CapitalSpace is a partnership initiative of the National Capital Planning Commission, the National Park Service, and the District of Columbia to develop shared strategies for working together on parks and open space throughout Washington, D.C., particularly in the city’s neighborhoods. The CapitalSpace plan represents the first time in almost 40 years that a comprehensive analysis of all of Washington’s parks and open spaces has been undertaken.
The Commission adopted the final CapitalSpace Plan on April 1, 2010. Commission staff continues to work with partnering agencies to implement the plan’s recommendations. Civic leaders, organizations, and individuals helped shape the plan through comments and opinions shared during the plan's development.
Table of Contents and Overview [PDF 1.45MB]
This section includes the Plan's Vision, Planning Concepts, Overview of the Six Big Ideas and Implementation Strategy.
About Washington's Parks [PDF 1.88MB]
This section discusses the current state of Washington's parks and open space system, the challenges and opportunities in the cultural, historic, and ecological resources found in the park system and the benefits of parks and open spaces to the nation's capital.
Six Big Ideas [4.39MB]
This section discusses the opportunities and challenges, as well as the CapitalSpace recommendations for the Six Big Ideas. It also features model projects for some of them.
Moving the Plan Forward [PDF 531KB]
This section identifies Key Priority Actions for the CapitalSpace partnership and implementation strategies that capitalize on the CapitalSpace partnership's ability to work together to address park issues and needs that are best tackled through the partnership's coordinated efforts.
Acknowledgements [PDF 222KB]
The CapitalSpace partners envision a beautiful, high-quality,and unified park system for the nation’s capital that:
In collaboration with:
During the last 200 years, Washington's park system has been shaped by many forces — prominent plans, legislation, public works, private initiatives - and a variety of agencies have been charged with developing and managing these open spaces. Today, several District and federal agencies oversee the planning, development, operation, and maintenance of these lands. Through CapitalSpace these agencies have joined together to coordinate existing management plans, maximize limited resources, and create a stronger park system for the city.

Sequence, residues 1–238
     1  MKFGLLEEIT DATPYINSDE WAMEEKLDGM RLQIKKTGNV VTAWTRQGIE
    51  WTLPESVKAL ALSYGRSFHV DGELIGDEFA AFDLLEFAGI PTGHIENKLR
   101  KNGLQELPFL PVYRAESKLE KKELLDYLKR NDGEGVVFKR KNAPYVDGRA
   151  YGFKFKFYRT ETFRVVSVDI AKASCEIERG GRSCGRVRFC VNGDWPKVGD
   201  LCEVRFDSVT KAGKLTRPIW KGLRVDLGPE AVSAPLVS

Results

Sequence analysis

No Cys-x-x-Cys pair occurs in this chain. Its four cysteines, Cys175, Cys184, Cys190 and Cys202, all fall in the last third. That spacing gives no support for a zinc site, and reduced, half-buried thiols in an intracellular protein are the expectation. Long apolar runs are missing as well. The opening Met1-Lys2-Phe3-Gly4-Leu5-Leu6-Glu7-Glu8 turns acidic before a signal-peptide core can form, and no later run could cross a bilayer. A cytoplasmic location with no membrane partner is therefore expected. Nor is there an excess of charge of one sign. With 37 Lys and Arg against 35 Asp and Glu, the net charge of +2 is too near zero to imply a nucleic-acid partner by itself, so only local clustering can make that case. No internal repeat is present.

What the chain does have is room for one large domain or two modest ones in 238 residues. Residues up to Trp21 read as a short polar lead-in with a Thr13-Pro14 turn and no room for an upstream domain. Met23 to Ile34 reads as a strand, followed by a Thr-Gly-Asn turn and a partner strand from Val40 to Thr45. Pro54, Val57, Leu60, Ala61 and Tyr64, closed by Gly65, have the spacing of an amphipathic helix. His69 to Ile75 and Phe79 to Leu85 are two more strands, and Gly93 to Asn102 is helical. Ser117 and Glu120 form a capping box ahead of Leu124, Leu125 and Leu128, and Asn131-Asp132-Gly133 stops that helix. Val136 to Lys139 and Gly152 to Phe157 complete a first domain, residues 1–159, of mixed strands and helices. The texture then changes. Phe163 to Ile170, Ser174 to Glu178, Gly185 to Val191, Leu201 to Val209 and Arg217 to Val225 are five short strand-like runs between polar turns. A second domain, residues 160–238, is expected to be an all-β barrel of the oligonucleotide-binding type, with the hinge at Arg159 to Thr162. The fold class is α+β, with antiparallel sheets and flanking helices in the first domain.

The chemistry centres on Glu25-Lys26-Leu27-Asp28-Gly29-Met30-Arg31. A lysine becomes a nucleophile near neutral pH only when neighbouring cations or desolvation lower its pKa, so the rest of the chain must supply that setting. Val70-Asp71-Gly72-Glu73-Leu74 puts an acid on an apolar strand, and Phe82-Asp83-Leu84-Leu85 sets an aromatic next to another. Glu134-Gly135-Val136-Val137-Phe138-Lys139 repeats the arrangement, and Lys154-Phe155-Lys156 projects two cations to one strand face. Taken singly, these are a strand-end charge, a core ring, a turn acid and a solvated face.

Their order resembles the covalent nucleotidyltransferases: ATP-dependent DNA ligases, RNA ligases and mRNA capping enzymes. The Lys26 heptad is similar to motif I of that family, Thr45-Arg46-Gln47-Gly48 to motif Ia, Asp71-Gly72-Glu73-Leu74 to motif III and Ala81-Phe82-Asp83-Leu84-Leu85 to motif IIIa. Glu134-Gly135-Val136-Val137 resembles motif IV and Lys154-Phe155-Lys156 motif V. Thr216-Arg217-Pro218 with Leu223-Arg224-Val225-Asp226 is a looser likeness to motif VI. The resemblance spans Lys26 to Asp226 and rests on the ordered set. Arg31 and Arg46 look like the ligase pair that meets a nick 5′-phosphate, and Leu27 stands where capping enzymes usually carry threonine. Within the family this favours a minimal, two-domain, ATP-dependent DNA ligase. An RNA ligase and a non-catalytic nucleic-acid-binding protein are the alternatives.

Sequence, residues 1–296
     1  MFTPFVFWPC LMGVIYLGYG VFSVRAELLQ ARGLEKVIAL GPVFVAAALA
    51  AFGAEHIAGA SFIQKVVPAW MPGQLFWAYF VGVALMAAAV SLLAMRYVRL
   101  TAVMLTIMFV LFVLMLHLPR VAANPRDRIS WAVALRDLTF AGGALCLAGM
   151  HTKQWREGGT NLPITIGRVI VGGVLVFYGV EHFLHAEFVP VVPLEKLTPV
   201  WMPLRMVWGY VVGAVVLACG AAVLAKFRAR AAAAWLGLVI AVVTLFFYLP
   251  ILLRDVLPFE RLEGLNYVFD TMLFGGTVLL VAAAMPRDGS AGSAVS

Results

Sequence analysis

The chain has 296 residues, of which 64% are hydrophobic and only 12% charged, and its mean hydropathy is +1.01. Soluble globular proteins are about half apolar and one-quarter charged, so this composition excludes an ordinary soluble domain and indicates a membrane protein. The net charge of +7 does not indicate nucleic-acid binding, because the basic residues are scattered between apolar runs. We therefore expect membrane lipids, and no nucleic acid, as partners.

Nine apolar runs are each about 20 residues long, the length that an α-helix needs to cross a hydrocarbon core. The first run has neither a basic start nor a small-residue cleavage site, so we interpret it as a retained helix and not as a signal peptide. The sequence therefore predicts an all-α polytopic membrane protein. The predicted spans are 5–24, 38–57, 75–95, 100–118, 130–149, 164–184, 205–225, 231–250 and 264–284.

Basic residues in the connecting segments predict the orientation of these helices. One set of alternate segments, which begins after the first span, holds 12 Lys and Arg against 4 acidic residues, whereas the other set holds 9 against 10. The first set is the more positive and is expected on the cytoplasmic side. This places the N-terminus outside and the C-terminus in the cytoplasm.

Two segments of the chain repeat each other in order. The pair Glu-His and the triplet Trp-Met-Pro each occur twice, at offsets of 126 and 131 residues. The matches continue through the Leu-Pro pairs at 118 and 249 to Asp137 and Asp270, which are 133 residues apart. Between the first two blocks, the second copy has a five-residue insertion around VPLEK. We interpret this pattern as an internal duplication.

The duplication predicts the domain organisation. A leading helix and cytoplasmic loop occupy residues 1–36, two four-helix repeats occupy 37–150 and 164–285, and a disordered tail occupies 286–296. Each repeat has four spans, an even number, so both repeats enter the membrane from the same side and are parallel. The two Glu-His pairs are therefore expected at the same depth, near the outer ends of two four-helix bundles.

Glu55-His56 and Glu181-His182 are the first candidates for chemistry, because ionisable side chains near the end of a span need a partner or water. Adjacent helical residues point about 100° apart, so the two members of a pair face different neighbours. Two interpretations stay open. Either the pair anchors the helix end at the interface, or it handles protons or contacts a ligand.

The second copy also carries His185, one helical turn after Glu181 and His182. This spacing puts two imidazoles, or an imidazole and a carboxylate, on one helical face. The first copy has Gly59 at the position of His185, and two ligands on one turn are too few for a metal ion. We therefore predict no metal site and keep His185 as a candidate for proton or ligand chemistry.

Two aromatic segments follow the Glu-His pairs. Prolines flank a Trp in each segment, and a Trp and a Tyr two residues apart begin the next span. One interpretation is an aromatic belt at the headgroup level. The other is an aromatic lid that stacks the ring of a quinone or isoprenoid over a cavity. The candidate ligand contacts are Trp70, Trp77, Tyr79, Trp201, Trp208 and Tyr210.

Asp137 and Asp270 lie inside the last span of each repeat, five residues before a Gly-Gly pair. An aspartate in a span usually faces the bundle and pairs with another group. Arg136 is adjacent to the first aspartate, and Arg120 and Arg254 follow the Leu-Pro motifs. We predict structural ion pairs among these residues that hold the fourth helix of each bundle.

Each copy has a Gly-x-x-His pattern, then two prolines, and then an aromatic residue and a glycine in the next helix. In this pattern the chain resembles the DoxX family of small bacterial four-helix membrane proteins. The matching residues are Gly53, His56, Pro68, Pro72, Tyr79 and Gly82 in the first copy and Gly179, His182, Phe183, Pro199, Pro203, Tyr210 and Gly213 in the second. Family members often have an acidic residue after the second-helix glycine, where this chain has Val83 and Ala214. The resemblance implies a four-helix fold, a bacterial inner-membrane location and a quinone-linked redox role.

The District's primary recreation provider is the Department of Parks and Recreation whose mission is to maintain the District's parks and open spaces and provide diverse recreational opportunities to residents and visitors. Agencies such as the District of Columbia Office of Planning, the Department of Transportation, and the Department of the Environment also play key roles in planning, building, and maintaining parks and open space through broader community development strategies.
Almost 90 percent of the city's parkland — more than 6,900 acres including Rock Creek Park, the National Mall, Anacostia Park, and the Fort Circle Parks — is part of the National Park System. The National Park Service, whose mission is to preserve the nation's natural and cultural resources for the enjoyment, education and inspiration of all generations, is responsible for managing these parks. Two other federal agencies, the National Capital Planning Commission and the US Commission of Fine Arts, plan for and review proposed development that might impact Washington's parks and open spaces.
The CapitalSpace partners are working closely with the DC Public Schools which provides 30 percent of the city's playgrounds and fields, and the General Services Administration (GSA) that oversees many of the open spaces at federal facilities that are not part of the park system.
Many nonprofit organizations and private citizens also contribute to Washington's parks and open spaces by providing financial support and volunteers who help maintain the parks and provide technical expertise to help plan new parks or park improvements. The CapitalSpace partners are coordinating efforts with these groups as well.
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